George Rochberg, born in 1918, is one of the most significant composers of the second half of the 20th Century. For one thing, after beginning as an outstanding serialist, he was the composer most associated with the beginnings of postmodernism in music when he decided that the feelings he wanted his music to express were such that that style could not accommodate them. His Concord Quartets and his Violin Concerto marked that change.
My own acquaintance with Rochberg's music goes back over four decades when I heard George Szell and the Cleveland Orchestra perform Rochberg's Second Symphony in Carnegie Hall, when I was young and open to all things new. Billed at the time as the longest composition based on a single tone row, though not strictly, this symphony held my rapt attention throughout and ended in what seemed like a satisfying tonal resolution. (Edward Downes in his program notes to the Columbia recording said he heard the development as tonal also.) The audience seemed to be at one with my response. Not long after that, I attended a chamber ensemble concert at Cooper Union in New York, organized and conducted by Pierre Boulez, then Music Director of the New York Philharmonic, at which Rochberg was present for the performance of one of his works. I forget which. It's been a very long time. In the 1980's I drove to Tanglewood from Boston to hear Isaac Stern play Rochberg's Violin Concerto which was getting coverage in the press (Newsweek, for instance) at the time because of what it represented as a musical milestone (along with Penderecki's first Violin Concerto.) However, aside from Slow Fires of Autumn, for flute and harp in a Japanese style, which I have discussed online several times without much response from anyone, I have heard little of his music recently. Significantly the (1980) recording of that simultaneously exciting and restful work was on CRI, not on a commercial recording.
My justification for relating this personal history is that it rather parallels the public attention Rochberg has had over the years. Take this recently recorded Fifth Symphony (1985). The première was about eighteen years ago, with the Chicago Symphony under Georg Solti. Has it been performed since? No it has not. In fact, the present Naxos recording took place, in the absence of a public performance, only in the studio. After the final take, as there was time remaining, the orchestra gave a private performance for the composer and his wife. But it is a powerful symphony and is very much worth hearing. I will come back to it.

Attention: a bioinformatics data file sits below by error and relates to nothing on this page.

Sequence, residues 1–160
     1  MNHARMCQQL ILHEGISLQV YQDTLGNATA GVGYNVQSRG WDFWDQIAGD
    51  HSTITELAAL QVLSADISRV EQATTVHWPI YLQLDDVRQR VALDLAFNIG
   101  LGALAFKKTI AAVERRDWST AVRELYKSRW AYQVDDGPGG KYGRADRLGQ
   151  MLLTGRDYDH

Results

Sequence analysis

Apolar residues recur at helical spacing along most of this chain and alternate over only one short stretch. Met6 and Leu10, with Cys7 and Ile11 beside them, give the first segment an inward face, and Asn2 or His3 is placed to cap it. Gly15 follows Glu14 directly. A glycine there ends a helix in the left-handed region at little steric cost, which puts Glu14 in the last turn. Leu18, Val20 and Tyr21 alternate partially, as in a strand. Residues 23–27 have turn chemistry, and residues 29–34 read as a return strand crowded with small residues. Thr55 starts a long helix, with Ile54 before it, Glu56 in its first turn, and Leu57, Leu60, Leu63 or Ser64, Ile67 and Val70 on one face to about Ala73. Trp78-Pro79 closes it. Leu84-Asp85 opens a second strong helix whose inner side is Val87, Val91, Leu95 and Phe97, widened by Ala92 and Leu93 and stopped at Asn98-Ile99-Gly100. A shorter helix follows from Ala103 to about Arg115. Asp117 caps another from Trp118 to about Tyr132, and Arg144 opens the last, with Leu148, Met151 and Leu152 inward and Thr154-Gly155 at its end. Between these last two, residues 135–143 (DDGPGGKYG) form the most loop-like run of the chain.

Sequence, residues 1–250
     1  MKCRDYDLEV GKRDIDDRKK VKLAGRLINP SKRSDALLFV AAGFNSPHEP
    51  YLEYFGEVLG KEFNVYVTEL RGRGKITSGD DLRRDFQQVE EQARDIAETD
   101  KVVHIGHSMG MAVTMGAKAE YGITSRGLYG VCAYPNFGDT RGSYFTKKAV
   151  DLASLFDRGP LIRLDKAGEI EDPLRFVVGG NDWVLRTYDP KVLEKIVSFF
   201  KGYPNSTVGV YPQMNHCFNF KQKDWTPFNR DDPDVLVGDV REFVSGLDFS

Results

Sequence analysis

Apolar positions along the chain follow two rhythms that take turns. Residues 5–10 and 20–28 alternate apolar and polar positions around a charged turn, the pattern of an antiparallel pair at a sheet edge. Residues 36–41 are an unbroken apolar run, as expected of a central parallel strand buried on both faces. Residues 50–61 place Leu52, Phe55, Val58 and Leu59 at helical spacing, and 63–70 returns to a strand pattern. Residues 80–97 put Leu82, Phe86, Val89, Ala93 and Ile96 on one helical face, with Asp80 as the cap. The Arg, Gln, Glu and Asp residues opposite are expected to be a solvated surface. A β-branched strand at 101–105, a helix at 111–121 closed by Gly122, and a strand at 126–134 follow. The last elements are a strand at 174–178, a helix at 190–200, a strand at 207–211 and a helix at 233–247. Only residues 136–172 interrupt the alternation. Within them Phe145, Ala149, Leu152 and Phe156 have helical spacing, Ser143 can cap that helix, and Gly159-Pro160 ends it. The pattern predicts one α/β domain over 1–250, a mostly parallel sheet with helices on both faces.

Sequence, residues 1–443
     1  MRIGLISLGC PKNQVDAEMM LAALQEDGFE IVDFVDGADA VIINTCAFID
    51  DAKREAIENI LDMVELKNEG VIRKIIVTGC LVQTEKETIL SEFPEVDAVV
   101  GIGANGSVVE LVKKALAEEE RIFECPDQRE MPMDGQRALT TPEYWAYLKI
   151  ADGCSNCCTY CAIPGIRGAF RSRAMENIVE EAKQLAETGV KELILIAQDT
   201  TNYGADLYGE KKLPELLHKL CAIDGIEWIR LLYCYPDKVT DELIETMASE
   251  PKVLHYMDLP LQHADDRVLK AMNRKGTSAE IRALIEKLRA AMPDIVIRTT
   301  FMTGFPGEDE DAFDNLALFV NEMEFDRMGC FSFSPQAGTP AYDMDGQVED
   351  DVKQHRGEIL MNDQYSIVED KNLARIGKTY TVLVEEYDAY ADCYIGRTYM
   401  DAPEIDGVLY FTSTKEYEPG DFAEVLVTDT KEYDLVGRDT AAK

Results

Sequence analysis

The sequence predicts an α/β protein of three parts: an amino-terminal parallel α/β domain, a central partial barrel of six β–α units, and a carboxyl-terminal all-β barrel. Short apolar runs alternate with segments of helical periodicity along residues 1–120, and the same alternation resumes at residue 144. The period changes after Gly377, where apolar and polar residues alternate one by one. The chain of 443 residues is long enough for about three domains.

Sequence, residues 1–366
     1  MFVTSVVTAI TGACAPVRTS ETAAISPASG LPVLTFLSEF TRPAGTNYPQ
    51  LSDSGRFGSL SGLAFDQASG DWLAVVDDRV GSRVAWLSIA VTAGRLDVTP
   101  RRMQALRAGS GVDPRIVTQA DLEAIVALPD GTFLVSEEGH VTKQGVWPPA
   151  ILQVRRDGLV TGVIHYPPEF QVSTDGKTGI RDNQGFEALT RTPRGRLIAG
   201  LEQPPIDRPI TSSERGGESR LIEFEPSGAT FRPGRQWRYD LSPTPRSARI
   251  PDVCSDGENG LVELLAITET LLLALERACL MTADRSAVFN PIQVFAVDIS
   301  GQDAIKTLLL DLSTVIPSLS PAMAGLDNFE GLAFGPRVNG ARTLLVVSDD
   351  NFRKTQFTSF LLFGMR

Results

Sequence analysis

Meanwhile, in all honesty, I suppose it is a reflection of the reactionary turn my taste has taken in recent years that I bought this disc in Borders because on the back it said that the "Transcendental Variations (1975) is one of the most searingly beautiful works ever conceived for the intimate medium of the string orchestra." How could anyone pass that up? A reworking of the slow movement of Rochberg's Third String Quartet and a tribute to Mahler, this exquisite piece has seven sections, all slow and quiet, with markings like "amoroso," "adagio sereno," "molto adagio e tranquillo" and "Moving gently" (!) Need more be said? Lyndon-Gee thinks the title has to do with Rochberg's philosophy and not the Concord group, but I think he may be mistaken about that.
The symphony does require more comment. The opening sounds like Francesca da Rimini revisited in her eternal whirlwind unrest a century later. This work also has seven sections, but is in a single movement. Christopher Lyndon-Gee, in his extensive note (which includes a discussion of Rochberg's "extraordinary understanding of the nature of time"), distinguishes an opening statement, three episodes, two development sections and a finale. The quiet central episode is extraordinary and is worth the price of this disc several times over. It is for four horns, with some unusual sonorities, and lasts about five and a half minutes. (This section will be of interest to all brass players; in fact the commission originally carried the stipulation from the – at that point anonymous George Szell – that the work be a concerto for brass.) The other episode is lyrical, with the remaining, dramatic, sections on the harrowing side: not unrelenting though; there are some long rests.
Black Sounds is the earliest of these three works, each a decade apart in time of composition, and is a tribute to Varese. I can't say that I am fond of it. It tends to be snarly, harsh and dissonant, though there are some gentler passages, and the use of percussion is interesting. It could grow on me.
Copyright © 2004, R. James Tobin